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Cleaning old 2 strokes - Where do I start?


Andy C
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I keep a Kilner Jar of "red" diesel in the garage. If I get an engine that is seized solid with old oil, I leave it soaking in that for a few days (remove the glow-plug and back-plate). That usually gets it to turn over. "Contaminated" diesel from a friendly garage (drained from diesel cars that have been filled with petrol) works even better and is usually cheaper!

 

This will usually also soften a lot of the gunk on the exterior of the engine.

 

However you do it, you will end up having to use a fair bit of elbow grease...!

 

--

Pete

 

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On 31/03/2022 at 11:38, Paul De Tourtoulon said:

Life is to short to clean planes and engines, as long as they don't dirty my car,,,,?

So I’ve owned my current car for 10 years, built in 2008. Properly serviced, fit for purpose, not (often for many thousands of kliks) thrashed.  Last autumn, SHMBO was complaining, it’s encrusting her clothes. I don’t clean cars, period.

So she went to a valeter/detailer. He said he knew the car, we are near neighbours, unknown to us. He recognized the algae deposits. She promised to be better in future.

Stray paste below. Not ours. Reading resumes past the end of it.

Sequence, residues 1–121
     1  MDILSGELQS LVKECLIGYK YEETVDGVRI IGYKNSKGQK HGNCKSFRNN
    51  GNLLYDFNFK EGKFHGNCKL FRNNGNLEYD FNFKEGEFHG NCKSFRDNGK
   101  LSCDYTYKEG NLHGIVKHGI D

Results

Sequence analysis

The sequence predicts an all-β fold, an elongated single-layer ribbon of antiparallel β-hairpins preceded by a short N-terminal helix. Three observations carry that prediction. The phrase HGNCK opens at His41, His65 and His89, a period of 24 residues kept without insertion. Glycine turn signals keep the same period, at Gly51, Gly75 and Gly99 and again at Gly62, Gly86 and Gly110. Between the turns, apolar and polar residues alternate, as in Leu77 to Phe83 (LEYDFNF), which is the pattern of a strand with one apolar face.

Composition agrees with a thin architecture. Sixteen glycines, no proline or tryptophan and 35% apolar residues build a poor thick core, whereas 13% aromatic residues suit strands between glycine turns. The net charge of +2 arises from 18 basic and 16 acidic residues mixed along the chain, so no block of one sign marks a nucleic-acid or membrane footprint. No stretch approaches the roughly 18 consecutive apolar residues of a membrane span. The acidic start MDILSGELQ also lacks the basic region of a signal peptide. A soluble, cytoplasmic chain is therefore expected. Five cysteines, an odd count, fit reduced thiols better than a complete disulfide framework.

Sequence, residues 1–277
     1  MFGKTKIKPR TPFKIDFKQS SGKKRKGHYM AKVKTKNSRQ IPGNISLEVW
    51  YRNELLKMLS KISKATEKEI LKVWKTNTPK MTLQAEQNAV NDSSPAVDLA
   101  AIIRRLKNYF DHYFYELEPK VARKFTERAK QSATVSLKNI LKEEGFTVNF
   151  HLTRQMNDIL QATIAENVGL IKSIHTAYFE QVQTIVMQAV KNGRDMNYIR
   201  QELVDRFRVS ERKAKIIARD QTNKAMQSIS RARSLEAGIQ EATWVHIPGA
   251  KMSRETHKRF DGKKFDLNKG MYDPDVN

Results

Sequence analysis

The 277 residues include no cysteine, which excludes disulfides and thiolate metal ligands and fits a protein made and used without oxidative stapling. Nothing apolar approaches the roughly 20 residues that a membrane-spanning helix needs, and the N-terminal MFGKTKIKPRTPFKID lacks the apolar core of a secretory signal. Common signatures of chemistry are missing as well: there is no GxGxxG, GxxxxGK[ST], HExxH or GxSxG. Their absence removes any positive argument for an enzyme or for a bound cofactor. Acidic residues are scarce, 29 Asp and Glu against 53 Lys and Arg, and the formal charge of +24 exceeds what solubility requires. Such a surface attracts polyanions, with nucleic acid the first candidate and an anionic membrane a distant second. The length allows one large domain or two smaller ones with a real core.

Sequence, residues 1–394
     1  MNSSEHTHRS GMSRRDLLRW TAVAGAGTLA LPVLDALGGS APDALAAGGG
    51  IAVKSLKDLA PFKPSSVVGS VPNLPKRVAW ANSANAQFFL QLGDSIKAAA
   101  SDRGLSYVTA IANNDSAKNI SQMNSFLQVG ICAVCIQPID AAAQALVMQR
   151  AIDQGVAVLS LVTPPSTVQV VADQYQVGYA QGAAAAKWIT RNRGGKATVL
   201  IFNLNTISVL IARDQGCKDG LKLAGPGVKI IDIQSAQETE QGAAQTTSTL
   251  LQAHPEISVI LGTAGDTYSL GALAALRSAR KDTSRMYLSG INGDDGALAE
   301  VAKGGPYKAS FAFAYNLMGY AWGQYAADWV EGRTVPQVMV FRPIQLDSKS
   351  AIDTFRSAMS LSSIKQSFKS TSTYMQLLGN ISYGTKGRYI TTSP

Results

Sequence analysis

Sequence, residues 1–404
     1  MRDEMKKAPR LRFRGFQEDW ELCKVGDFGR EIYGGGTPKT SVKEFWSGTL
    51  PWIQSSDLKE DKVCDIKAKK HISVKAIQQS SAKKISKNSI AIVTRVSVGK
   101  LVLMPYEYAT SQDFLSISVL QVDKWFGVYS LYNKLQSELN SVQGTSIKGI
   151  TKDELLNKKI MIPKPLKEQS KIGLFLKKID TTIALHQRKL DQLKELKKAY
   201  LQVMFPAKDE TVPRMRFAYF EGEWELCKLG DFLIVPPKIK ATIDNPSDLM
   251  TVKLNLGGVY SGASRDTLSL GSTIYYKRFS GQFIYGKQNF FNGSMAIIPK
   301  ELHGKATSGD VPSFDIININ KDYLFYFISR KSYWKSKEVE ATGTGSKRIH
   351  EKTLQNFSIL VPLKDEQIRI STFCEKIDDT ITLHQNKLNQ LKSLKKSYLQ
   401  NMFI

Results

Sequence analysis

But, a plane motor. It runs, a problem?

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Some fuel residue, non castor based fuels, when baked on, is very difficult to remove. It's as if it has a clear "glaze"...

 

For castor based fuels I find petrol will shift it. Get a large necked jar, like a gerkin jar, and place the engine in that for a day or two. Agitate the jar by shaking from time to  time. You will see the " crap" collect at the bottom of the jar. It can be filtered and reused till "spent".

 

Interestingly someone posted about petrol contaminated diesel.....

 

Obviously don't use petrol indoors or in a sonic cleaner, it's highly flamable and a very real fire risk, SO BE WARNED !!!

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My experience with an ultrasonic cleaner using just water was disappointing. Nothing like Frank's engine experience.  Soaking engine in old/stale glow fuel and scrubbing with a toothbrush helps.  Cooking the parts in a slow cooker filled with anti-freeze liquid (outside in a well-ventilated garage with door open) got loads of baked on muck off. The engine was really very clean and almost like new afterwards.

Edited by David Ovenden
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Warm ethylene glycol antifreeze is good for cleaning castor oil stains off engines and exhausts.

 

I read it somewhere (maybe on this esteemed forum, previous post excepted), tried it, and found it works a treat with a bit of scrubbing with an old toothbrush, where no other solvent or cleaning fluid would.

 

I’ve got several engines sparkling again with this method now, but you do have to be careful, as ethylene glycol is flammable and gives off toxic fumes when heated, so do it outside.

 

Edited by EvilC57
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Boiling in ethylene glycol antifreeze worked extremely well for me - however it also removed most of the red on both my Irvine 53's leaving a very un manly pink tinge ? 

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